Before and after photos show devastation of Mount Polley Mine tailings pond breach

A photo of the Mount Polley Mine tailings pond, taken in 2013. Submitted

VANCOUVER – A look at some before and after photos of the Mount Polley Mine tailings pond shows some of the devastation of what has happened in the region.

A breach of the tailings pond early Monday morning sent five million cubic metres of toxic waste into Hazeltine Creek, Quesnel Lake and Polley Lake.

Residents and visitors to the area, close to Likely, B.C., have been issued a complete water ban, affecting close to 300 homes. It extends to the entire Quesnel and Cariboo River systems up to the Fraser River, including Quesnel Lake, Cariboo Creek, Hazeltine Creek and Polley Lake.

Several employees of the mine, who wished to remain anonymous to protect their jobs, have told Global News the same tailings pond had a minor breach three months ago.

But president of Imperial Metals, Brian Kynoch, says the dam has never failed before.

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Common minerals and elements found in tailings, which is the waste material left over from the extraction of metals, can include arsenic, mercury, sulfur and cyanide.

“We have never detected mercury in the tailings pond at Mount Polley,” says Kynoch. “There’s no mercury there.”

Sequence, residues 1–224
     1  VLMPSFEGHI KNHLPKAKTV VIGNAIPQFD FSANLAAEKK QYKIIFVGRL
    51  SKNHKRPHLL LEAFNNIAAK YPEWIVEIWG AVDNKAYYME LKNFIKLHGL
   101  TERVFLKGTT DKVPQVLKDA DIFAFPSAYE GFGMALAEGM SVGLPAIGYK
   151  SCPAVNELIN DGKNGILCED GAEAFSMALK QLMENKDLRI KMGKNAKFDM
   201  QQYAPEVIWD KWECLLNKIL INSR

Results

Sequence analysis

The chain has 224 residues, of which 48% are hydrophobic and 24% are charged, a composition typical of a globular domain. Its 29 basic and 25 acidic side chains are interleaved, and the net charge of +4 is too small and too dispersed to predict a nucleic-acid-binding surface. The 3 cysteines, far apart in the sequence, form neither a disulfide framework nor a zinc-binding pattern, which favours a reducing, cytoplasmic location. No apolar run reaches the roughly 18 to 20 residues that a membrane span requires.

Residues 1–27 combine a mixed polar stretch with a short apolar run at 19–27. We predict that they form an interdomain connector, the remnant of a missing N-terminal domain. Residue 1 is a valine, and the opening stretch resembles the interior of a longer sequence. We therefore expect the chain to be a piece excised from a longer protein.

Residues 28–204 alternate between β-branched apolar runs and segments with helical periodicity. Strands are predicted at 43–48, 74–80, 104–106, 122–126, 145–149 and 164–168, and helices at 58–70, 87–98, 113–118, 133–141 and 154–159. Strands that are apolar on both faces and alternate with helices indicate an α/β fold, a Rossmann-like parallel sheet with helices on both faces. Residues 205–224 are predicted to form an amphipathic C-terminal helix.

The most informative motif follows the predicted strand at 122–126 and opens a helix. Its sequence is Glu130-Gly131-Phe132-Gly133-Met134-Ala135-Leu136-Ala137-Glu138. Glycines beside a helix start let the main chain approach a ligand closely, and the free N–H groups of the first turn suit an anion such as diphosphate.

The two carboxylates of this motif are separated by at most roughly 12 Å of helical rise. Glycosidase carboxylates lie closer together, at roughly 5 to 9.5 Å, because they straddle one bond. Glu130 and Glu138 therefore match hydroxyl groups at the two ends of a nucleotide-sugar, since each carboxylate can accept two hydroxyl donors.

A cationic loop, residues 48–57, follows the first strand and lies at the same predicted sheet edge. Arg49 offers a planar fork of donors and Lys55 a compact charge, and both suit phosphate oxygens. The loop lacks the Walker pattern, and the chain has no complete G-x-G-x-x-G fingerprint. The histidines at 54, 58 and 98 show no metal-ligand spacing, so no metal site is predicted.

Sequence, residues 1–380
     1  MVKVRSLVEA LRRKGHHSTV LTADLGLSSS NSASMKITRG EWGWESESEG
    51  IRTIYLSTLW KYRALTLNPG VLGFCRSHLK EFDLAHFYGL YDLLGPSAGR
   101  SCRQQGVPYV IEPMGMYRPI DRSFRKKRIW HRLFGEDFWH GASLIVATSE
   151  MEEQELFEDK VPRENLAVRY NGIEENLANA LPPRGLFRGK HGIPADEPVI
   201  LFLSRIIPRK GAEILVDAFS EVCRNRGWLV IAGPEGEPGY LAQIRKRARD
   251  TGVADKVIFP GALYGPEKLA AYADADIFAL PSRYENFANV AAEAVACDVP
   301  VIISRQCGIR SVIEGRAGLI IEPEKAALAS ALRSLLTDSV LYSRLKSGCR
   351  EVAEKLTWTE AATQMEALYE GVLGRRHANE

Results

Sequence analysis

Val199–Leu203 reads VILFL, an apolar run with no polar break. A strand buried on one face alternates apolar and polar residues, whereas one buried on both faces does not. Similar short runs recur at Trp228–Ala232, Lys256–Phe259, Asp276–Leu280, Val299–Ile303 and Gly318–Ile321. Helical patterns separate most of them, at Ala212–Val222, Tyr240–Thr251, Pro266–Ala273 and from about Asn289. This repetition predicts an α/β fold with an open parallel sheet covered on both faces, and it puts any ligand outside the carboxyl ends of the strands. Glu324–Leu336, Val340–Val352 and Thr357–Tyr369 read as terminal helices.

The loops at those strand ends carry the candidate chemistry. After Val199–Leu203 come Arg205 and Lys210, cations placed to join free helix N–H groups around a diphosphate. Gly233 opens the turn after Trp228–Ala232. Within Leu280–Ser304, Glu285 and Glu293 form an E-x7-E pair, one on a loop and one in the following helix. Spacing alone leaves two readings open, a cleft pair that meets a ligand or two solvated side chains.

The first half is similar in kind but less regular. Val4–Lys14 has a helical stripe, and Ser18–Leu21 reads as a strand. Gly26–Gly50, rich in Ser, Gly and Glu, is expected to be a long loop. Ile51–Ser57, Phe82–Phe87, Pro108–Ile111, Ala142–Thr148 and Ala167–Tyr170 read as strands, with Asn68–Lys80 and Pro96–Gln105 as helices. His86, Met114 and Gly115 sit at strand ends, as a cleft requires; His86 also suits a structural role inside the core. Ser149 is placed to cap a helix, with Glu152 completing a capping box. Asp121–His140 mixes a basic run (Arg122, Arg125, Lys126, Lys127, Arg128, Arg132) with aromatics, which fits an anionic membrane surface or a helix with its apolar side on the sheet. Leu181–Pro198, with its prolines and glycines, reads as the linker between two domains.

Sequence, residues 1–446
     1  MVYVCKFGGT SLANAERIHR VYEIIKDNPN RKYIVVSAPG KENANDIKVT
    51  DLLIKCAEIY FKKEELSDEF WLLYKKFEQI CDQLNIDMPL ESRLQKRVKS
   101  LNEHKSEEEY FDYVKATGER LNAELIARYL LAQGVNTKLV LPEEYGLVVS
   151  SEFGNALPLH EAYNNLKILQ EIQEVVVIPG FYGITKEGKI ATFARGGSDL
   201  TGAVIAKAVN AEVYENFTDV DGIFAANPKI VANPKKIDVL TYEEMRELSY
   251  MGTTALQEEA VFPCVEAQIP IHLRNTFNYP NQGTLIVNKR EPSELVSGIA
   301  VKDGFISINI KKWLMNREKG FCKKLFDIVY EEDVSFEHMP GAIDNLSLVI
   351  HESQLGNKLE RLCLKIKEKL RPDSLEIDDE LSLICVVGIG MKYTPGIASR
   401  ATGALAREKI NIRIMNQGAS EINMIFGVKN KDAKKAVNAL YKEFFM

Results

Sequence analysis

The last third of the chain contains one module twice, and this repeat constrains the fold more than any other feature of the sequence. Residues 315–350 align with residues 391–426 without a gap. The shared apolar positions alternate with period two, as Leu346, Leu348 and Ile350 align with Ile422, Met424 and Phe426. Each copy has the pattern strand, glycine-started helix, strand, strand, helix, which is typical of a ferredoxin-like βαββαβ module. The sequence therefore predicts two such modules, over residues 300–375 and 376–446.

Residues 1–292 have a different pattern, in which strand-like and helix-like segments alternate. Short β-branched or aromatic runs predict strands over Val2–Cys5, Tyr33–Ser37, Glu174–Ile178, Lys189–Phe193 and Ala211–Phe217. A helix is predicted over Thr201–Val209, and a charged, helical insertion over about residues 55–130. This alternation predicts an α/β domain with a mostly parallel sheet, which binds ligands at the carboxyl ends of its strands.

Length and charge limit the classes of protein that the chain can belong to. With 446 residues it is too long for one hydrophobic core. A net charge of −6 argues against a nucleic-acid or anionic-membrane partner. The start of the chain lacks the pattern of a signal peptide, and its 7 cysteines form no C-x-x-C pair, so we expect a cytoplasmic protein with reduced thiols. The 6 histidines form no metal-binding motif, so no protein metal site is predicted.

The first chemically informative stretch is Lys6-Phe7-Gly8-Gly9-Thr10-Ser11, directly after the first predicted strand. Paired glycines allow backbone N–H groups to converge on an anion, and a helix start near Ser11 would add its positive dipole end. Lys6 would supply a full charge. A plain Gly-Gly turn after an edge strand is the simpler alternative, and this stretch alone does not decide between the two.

“Another one I’ve heard talked about is arsenic. Arsenic levels are one-fifth of drinking water.”

He adds that the company regularly performs toxicity tests on the water in their tailings facility and it is not toxic to rainbow trout, which spawn there.

He says that once the solids are removed from the water he would drink it.

Minister of Energy and Mines Bill Bennett issued a statement saying in part:

“This is a serious incident that should not have happened. We are devoting every appropriate resource working with local officials to clean up the site, mitigate any impacts to communities and the environment, and investigate the cause of the breach. We will determine the cause of the event and we are determined to prevent an incident like this from happening again.”

GALLERY: Before and after photos of the area:

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